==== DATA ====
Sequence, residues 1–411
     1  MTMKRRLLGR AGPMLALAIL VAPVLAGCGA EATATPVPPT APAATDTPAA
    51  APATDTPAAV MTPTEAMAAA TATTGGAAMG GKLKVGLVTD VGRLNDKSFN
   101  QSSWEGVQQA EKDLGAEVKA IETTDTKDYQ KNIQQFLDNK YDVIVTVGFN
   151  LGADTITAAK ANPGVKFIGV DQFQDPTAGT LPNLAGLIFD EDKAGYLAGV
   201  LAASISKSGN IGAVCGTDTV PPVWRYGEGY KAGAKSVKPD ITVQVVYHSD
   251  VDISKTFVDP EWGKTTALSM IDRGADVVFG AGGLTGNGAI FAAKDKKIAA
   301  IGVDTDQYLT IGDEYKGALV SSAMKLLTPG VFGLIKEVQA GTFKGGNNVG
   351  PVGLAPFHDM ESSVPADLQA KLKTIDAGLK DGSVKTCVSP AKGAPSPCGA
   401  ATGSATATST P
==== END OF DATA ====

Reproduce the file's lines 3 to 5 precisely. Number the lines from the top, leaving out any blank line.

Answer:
    51  APATDTPAAV MTPTEAMAAA TATTGGAAMG GKLKVGLVTD VGRLNDKSFN
   101  QSSWEGVQQA EKDLGAEVKA IETTDTKDYQ KNIQQFLDNK YDVIVTVGFN
   151  LGADTITAAK ANPGVKFIGV DQFQDPTAGT LPNLAGLIFD EDKAGYLAGV